Mineral Guide > Gems > Color of Gems

Color of Gems

The color of gems is one of the most essential features of their value. While certain colorless gems, such as the diamond, are highly prized, even the diamond would lose much of its value if it did not flash colored lights.

So the quality of affording a permanent color probably leads to much of the esteem in which gems are held. The colors of the rose and the violet are not less pleasing than those of the ruby and amethyst, but the former endure but for a day, while the latter can be handed down unimpaired from generation to generation. It was probably to secure varieties of color that the ancients first used gems, for their classifications and designations of precious stones were based chiefly upon this property. With them almost any green stone was known as emerald, blue as sapphire, and red as ruby or carnelian.

This fact makes it difficult in reading accounts of gems as given by ancient authors to know what mineral is meant. Distinctions of hardness and specific gravity, now so much in use, seem to have been ignored by them for the most part. With the grouping of minerals according to their chemical composition, the significance of color largely disappeared as a means of distinction, since individual specimens of the same com-position, and hence the same species, may vary greatly in color. Usually the quantity of ingredient required to produce a certain color is too small to be detected by chemical analysis.

That the custom of distinguishing gems by their colors still survives, however, to a considerable extent, is evidenced by the fact that different names are still applied to gems of the same mineral when of different colors. Thus sapphire and ruby are both corundum; and emerald and aquamarine are beryl. The mineral quartz appears in a mul-titude of colors, to nearly all of which different names are given. Hence gems of two different names may occur even in the same crystal: as in a piece of quartz, from one portion an amethyst may be cut and from another a citrine. On the other hand, different species may present stones of exactly the same color. Thus corundum, spinel and garnet all afford red stones, often nearly alike in tint; or emerald and tourmaline both give green stones.

Speaking from the mineralogical standpoint, there are few minerals and fewer gems in which color is a constant and essential property. Those which may be mentioned as belonging to the latter class are pyrite, which is brass yellow, lapis lazuli, which is blue, and malachite, which is green.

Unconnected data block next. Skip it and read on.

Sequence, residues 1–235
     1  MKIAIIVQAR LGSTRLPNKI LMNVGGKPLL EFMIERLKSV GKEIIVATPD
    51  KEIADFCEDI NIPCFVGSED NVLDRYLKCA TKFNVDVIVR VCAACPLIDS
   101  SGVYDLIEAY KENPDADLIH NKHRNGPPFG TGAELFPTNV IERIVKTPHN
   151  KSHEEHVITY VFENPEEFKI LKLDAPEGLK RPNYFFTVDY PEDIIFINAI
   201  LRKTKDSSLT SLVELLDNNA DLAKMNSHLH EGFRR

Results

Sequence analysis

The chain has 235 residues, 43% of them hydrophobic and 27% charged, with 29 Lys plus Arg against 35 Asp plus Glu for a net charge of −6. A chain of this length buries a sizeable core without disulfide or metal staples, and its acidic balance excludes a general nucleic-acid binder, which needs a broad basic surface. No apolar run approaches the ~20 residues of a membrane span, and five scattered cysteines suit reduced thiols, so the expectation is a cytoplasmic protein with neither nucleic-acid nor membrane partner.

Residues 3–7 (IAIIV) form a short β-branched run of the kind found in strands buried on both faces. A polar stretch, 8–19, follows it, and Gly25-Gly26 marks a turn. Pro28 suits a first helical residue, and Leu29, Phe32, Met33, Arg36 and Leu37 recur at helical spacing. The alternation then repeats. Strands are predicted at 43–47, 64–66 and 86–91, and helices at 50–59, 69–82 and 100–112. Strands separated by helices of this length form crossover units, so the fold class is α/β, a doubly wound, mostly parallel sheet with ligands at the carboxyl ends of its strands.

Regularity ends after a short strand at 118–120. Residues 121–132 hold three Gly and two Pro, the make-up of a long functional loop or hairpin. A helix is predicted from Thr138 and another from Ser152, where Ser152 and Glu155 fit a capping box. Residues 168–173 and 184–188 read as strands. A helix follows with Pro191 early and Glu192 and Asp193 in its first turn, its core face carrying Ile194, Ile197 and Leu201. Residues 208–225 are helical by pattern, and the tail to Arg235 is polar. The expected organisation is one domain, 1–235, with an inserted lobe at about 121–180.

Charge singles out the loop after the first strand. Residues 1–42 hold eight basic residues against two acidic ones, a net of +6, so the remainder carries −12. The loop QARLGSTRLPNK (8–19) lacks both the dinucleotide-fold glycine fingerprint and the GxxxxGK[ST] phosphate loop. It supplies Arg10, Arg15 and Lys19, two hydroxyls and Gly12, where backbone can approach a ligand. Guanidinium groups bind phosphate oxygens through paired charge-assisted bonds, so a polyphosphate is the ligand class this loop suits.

In a few cases differences of chemical composition are indicated by differences of color. This is true of garnet, the magnesium-aluminum varieties of which are ruby red, the calcium-aluminum varieties brownish red, and the calcium-chromium varieties green. So tourmaline, when containing an excess of iron, is black; an excess of sodium and lithium is green or red, and an excess of magnesium is brown.

Usually, however, the coloring matter is foreign to the essential composition of the mineral, and of very small amount.
This coloring ingredient is in the majority of cases organic matter of some sort, chiefly hydrocarbons. This has been proved in some cases by analysis, and in general may be assumed when the color of a stone can be driven out or changed by heat. The following gems quite certainly owe their color wholly or in part to organic matter:-smoky quartz, amethyst, yellow topaz, golden beryl, zircon, rubellite, and amazon stone. The coloring ingredients of the following are chiefly inorganic: - ruby, sapphire, spinel, and emerald.

Next to organic matter metallic oxides are probably the most prevalent coloring ingredient. These oxides may occur in scales large enough to be seen with the naked eye, as is true of the hematite in sunstone, or they may be only visible with the microscope, as the same substance can be seen coloring jasper and carnelian. More commonly the coloring matter cannot be discerned as a distinct pigment. Beside oxide of iron as a coloring ingredient, chromium, copper and nickel oxides occur, producing in general green colors. Manganese oxide often gives purple or flesh colors.

By producing some chemical change it is often possible to alter the color of a mineral. In the case of minerals colored by hydrocarbons, these changes may best be produced by heating. In this manner smoky quartz can be changed in color to yellow, yellow topaz to pink, and brown carnelian to red.

Amethyst, hyacinth, and golden beryl lose their color entirely if heated any length of time, and smoky quartz may also be made colorless by long continued heat. Some gems change in color on heating, but regain it again when cooled. Thus pyrope turns darker on heating, but returns to its normal color on cooling. Ruby becomes colorless, but on cooling changes through green to its original red.
Some colors of gems fade or change on exposure to light, a peculiarity which is of course considered detrimental to their value. In this manner the blue of turquois may change in time to green, and yellow topaz, chrysoprase, and rose quartz may lose their color entirely.

Some gems are of a different color by artificial as compared with day light. The beauty of some may thus be enhanced by artificial light and that of others weakened. The gem in which the most striking change is thus produced is chrysoberyl of the variety known as alexandrite. This is green by daylight, but red by artificial light. Most yellow stones appear nearly colorless by artificial light because the excess of yellow rays in the latter makes those from the stone almost invisible. For the same reason violet stones are likely to lose much of their color in artificial light. One of the points of superiority of the emerald is that it is able to retain its color in all lights. The color of the ruby is deep ened and made more brilliant by artificial light, and turquois of good color has its effect enhanced by the same.